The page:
By Theresa Carson
On Aug. 6, nine young men professed religious vows of poverty, chastity and obedience at Techny, Ill., and became members of the Society of the Divine Word. They are Derek Nguyen, Zachary Smith, Carl Gales, Theodore Nguyen, Hoc Mai, Luke Henkel, Luis Panuco-Carmona, Hai Pham and Jorge Zetino. Three of them have chosen the path of the brotherhood and will pursue higher education in the fall. The remaining six will enroll at Catholic Theological Union as seminarians preparing for the priesthood.
Christmas festivities at Derek Nguyen’s house start the same way every year. His mother, who left Vietnam with Derek’s father and eldest sister, begins by telling the story of Derek’s birth. The family was living in a Malaysian refugee camp at the time, awaiting word from relatives in the United States.
"When I was born, I was declared dead," said the gregarious 28-year-old Divine Word Missionary with a personality that proves otherwise.
During his mother’s pregnancy with him, she was malnourished. Shortly after Derek was born, he began coughing up blood. His mother prayed and promised that if her only son lived that she would dedicate his life to Mother Mary and the priesthood.
As it happened, a man at the refugee camp had recently been released after serving his term in prison. He felt sorry for the young mother and her ailing newborn and donated blood. "I have the blood of a criminal," declared Derek with a charming and disarming smile.
When his mother retells the story, "she begins to cry and then my father, then my older sister and her husband—on command—and finally my younger sisters and me," said Derek, who has two younger sisters. "If I don’t cry, I won’t get any presents."
The Nguyen family moved to the United States when Derek was three years old. On the journey, he remembers only being on the plane and eating a pat of butter, but the memories of his family’s life in Vietnam and their existence at a refugee camp in Malaysia are well ingrained in his mind because of the retelling of the stories.
In a way, he said, he comes from a multi-cultural family—all of Vietnamese descent but born in Vietnam, Malaysia and the United States.
At first, his family lived with other families in Garden Grove, Calif., until they were able to move into their own home. Despite trials, they remained grounded in their Catholic faith.
"My parents are very religious," Derek said. "We’d go to church on Tuesdays, Fridays and Sundays. I hated it, but now I feel blessed. The only way for me to be happy is to receive the Eucharist every morning."
During those times of prayerfulness, Derek felt the call to the priesthood. As a senior in high school, he visited Divine Word College, the Society of the Divine Word seminary in Epworth, Iowa. He enrolled and in 2015, he graduated from the college with a bachelor’s degree in philosophy.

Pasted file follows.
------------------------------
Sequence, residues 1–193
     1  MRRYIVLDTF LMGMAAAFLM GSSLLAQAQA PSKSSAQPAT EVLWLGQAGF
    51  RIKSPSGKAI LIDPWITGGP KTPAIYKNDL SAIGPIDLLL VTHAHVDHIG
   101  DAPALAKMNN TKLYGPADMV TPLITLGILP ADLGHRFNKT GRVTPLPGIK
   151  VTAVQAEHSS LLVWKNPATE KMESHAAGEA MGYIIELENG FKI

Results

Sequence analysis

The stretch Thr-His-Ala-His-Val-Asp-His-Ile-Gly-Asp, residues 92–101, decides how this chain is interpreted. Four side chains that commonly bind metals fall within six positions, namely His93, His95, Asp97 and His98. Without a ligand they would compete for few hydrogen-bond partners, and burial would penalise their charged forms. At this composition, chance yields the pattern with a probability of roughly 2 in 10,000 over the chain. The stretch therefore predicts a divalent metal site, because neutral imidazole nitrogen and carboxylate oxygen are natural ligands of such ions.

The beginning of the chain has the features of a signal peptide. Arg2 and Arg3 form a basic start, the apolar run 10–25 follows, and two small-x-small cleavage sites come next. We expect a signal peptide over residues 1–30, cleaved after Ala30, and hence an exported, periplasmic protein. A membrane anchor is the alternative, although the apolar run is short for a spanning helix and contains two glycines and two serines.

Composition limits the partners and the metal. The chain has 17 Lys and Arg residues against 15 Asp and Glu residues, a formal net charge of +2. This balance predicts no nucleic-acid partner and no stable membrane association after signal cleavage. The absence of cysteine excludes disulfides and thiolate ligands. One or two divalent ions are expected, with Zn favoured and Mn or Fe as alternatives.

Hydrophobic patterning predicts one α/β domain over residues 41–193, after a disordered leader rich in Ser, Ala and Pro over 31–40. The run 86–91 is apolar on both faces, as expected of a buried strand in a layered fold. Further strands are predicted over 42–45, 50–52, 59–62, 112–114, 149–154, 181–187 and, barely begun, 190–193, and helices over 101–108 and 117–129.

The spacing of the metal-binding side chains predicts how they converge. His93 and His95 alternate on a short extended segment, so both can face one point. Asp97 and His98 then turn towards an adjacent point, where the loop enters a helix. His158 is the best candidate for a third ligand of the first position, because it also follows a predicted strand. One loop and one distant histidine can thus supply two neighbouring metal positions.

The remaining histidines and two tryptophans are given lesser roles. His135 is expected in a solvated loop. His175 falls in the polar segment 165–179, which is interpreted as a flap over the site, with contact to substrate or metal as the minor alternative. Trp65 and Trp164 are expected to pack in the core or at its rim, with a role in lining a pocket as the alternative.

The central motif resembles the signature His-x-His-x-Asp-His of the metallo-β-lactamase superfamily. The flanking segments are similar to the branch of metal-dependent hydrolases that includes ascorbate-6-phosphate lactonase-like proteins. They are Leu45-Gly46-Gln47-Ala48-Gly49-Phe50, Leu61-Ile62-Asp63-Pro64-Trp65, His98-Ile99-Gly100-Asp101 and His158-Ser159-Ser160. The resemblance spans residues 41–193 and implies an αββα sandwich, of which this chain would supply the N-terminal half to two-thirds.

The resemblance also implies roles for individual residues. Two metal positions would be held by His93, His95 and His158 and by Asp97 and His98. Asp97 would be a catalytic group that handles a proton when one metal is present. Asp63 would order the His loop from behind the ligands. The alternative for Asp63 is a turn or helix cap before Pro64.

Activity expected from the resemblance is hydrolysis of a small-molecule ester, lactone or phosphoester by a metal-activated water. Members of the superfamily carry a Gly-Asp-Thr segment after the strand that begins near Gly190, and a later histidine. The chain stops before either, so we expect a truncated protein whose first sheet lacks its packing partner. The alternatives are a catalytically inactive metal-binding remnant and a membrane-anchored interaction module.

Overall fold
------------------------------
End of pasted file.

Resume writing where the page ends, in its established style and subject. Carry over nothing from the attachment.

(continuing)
His devotion to God did not go unnoticed. Two family friends, who are now ages 18 and 20, asked him to be their Confirmation sponsor, or padrino.
"I write to them weekly to help them know God’s love and encourage them to become a loving image of God’s love. I share my prayer life and books, so they can experience what I experience," he said of his hand-written letters.
"I wish I had a [carrier] pigeon," he joked.
Conversely, Derek receives the same type of love and encouragement from the Holy Spirit Missionary Sisters. During this past year, Derek’s novitiate directors assigned him to minister to the sisters at their motherhouse in Northfield, Ill. He spent one day a week with the retired sisters—listening to their stories of the missions, talking and playing bingo.
"Part of the ministry was simply being there, being present, listening and help them accordingly," he said. "All of the sisters’ minds worked very fast. As long as they’re happy, I’m happy."
He admits that along with listening, he did a good deal of talking. "The only time I become introverted is when I’m with my mom—I listen like it’s a silent retreats. In my family, I’m the quietest, except for my dad. At the novitiate, I’m probably the loudest. It’s my only chance to talk," he joked.
"Bring God to people through words and action—that’s my sense of true happiness because that’s when God is at work," he continued. "That’s my greatest happiness."
This fall, Derek will continue his studies at Catholic Theological Union in Chicago on his way to becoming a priest.